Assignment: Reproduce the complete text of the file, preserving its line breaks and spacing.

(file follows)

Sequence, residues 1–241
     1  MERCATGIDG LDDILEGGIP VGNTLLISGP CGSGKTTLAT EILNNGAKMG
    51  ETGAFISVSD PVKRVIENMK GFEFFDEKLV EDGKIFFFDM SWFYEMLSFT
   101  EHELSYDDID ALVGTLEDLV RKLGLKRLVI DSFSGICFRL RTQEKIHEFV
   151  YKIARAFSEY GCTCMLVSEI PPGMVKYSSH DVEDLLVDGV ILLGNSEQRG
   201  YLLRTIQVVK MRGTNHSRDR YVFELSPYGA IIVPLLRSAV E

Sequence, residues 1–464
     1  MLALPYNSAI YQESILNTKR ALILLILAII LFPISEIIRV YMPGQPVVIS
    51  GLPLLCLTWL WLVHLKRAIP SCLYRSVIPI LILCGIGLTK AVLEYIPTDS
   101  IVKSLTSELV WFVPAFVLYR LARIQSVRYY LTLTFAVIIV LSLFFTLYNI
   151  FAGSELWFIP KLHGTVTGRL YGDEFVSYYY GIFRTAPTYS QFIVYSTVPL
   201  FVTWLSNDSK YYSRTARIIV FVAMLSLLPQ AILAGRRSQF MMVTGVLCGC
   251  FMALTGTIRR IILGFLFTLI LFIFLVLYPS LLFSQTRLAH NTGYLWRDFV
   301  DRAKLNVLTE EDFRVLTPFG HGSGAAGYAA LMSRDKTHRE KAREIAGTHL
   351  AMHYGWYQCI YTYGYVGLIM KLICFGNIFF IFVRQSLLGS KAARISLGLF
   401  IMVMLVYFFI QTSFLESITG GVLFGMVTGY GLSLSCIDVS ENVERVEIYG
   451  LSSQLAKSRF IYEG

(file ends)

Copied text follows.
Sequence, residues 1–241
     1  MERCATGIDG LDDILEGGIP VGNTLLISGP CGSGKTTLAT EILNNGAKMG
    51  ETGAFISVSD PVKRVIENMK GFEFFDEKLV EDGKIFFFDM SWFYEMLSFT
   101  EHELSYDDID ALVGTLEDLV RKLGLKRLVI DSFSGICFRL RTQEKIHEFV
   151  YKIARAFSEY GCTCMLVSEI PPGMVKYSSH DVEDLLVDGV ILLGNSEQRG
   201  YLLRTIQVVK MRGTNHSRDR YVFELSPYGA IIVPLLRSAV E

Sequence, residues 1–464
     1  MLALPYNSAI YQESILNTKR ALILLILAII LFPISEIIRV YMPGQPVVIS
    51  GLPLLCLTWL WLVHLKRAIP SCLYRSVIPI LILCGIGLTK AVLEYIPTDS
   101  IVKSLTSELV WFVPAFVLYR LARIQSVRYY LTLTFAVIIV LSLFFTLYNI
   151  FAGSELWFIP KLHGTVTGRL YGDEFVSYYY GIFRTAPTYS QFIVYSTVPL
   201  FVTWLSNDSK YYSRTARIIV FVAMLSLLPQ AILAGRRSQF MMVTGVLCGC
   251  FMALTGTIRR IILGFLFTLI LFIFLVLYPS LLFSQTRLAH NTGYLWRDFV
   301  DRAKLNVLTE EDFRVLTPFG HGSGAAGYAA LMSRDKTHRE KAREIAGTHL
   351  AMHYGWYQCI YTYGYVGLIM KLICFGNIFF IFVRQSLLGS KAARISLGLF
   401  IMVMLVYFFI QTSFLESITG GVLFGMVTGY GLSLSCIDVS ENVERVEIYG
   451  LSSQLAKSRF IYEG